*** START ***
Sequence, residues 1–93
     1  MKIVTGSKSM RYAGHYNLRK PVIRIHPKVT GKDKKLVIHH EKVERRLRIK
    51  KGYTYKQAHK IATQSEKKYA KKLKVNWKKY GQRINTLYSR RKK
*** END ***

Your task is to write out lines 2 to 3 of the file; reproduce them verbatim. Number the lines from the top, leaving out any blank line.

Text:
     1  MKIVTGSKSM RYAGHYNLRK PVIRIHPKVT GKDKKLVIHH EKVERRLRIK
    51  KGYTYKQAHK IATQSEKKYA KKLKVNWKKY GQRINTLYSR RKK